wed 28/06/2017

CD: Neneh Cherry & The Thing - The Cherry Thing | reviews, news & interviews

CD: Neneh Cherry & The Thing - The Cherry Thing

CD: Neneh Cherry & The Thing - The Cherry Thing

A frighteningly good shot at a comeback from the Eighties alternative pop star

The first thing you hear is a bass drum that sounds like someone banging on a garage door
Neneh Cherry & The Thing: a match made in a different kind of heaven

As all the background information to this new release can be found in Nick Levine’s recent interview with Neneh Cherry for theartsdesk, let's get straight down to scrutinising the music. For this serious contender for album of the year deserves more than just a reshuffling of the information on its press release.

Just as one can take pleasure in the physical substance of paint on a canvas (dragged, splattered or elegantly arced), it's also enjoyable when the music issuing from the stereo seems to violently push the air aside before threatening to ransack the room. Take this collaboration's made-in-heaven cover of Iggy Pop and the Stooges’ “Dirt”. The first thing you hear is a bass drum that sounds like someone banging on a garage door. Then in comes the Thing’s signature effect of pairing up Mat Gustafsson’s baritone sax and Ingebrigt Haker Flaten’s double bass, tackling that central monolithic riff as if it’s the soundtrack to Godzilla hitting town. Finally, Ms Cherry’s vocal enters the fray, deceptively ineffectual at first, yet sensually authoritative despite the fact she wasn’t born with soul diva lungs.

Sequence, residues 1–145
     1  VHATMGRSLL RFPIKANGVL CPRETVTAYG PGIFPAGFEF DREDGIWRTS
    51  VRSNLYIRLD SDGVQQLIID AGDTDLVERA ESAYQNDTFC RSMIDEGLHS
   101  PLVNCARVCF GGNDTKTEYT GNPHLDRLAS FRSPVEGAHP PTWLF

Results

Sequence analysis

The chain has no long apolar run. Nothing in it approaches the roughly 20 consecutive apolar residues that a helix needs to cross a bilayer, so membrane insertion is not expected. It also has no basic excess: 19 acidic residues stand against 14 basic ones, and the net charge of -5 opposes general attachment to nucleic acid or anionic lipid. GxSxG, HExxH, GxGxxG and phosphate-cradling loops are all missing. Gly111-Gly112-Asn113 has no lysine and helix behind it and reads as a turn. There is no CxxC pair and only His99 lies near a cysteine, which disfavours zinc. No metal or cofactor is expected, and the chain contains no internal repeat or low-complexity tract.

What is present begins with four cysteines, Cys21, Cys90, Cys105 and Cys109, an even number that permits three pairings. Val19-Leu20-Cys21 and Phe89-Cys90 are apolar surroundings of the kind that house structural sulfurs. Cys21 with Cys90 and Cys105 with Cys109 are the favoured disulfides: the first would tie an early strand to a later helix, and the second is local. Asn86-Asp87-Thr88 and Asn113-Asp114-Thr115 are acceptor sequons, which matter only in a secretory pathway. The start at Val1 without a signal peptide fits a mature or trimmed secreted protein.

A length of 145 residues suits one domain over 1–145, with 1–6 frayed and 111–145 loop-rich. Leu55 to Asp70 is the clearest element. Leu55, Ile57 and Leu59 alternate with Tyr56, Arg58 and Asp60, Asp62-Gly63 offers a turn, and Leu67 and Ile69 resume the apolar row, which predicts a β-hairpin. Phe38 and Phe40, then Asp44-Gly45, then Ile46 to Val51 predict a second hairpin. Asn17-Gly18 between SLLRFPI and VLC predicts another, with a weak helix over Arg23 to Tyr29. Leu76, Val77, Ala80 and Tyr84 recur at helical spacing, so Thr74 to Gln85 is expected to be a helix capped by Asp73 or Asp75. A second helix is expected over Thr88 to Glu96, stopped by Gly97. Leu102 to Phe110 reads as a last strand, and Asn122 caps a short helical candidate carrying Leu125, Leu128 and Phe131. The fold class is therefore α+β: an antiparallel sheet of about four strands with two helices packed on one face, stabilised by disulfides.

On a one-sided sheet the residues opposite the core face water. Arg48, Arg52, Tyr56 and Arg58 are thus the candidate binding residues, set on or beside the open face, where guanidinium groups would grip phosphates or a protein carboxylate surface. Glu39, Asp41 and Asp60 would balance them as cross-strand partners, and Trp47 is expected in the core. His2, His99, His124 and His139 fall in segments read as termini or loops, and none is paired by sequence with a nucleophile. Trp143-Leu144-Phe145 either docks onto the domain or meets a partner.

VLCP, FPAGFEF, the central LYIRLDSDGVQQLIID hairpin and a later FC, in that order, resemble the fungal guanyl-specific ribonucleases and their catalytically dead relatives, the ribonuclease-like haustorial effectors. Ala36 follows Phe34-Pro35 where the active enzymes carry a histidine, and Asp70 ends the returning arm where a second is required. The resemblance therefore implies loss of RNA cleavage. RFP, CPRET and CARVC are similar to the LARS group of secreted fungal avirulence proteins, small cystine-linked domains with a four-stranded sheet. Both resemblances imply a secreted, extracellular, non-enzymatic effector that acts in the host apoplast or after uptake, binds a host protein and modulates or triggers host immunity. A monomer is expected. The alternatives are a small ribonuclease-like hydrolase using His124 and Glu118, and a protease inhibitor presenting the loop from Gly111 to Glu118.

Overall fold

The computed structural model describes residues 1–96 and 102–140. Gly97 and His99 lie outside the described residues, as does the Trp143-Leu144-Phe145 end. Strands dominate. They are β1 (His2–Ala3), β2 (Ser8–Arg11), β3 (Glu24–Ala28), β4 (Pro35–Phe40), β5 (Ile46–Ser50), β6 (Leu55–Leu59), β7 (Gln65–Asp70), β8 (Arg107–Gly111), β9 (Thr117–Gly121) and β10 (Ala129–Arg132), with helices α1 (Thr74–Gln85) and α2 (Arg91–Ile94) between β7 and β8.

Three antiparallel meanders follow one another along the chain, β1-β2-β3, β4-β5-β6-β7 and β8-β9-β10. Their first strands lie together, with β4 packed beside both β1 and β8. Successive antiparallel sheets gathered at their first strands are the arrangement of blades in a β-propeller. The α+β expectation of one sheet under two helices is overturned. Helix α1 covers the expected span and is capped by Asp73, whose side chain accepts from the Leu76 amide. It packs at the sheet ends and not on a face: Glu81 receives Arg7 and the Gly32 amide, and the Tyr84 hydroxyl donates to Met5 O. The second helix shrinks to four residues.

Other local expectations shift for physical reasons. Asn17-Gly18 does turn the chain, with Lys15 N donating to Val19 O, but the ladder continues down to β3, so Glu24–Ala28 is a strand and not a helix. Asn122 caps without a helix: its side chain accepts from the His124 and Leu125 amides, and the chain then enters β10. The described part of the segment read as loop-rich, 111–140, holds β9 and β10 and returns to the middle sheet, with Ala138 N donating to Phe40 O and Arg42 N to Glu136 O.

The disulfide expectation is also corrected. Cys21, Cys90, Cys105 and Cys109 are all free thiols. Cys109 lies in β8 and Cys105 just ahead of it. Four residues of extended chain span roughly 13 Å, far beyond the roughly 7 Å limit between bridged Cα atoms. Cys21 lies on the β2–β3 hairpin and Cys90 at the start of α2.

In fact Cherry is the necessary stabilising element; the still centre, as all else around her seems in constant turmoil, threatening to collapse in on itself. Eventually, Cherry is silenced by the exhilarating cacophony of jazzers trying to make as much noise as possible, as they build up to improv apocalypse before putting on the breaks and returning to that central riff. Gustafsson’s sax work is frighteningly effective - and sometimes just plain frightening - as it growls and slurs like an angry drunk one moment and a terrified horse the next, before finally scribbling and scrawling over everyone else’s efforts like a spoilt child.

Most of the album’s eight tracks (seven of them cover versions) unfurl and then self-destruct in a similar manner, which could be considered a weakness. But this is music as force of nature; jazz given a punk rock makeover – and thus it makes for a breath of bracingly fresh air.

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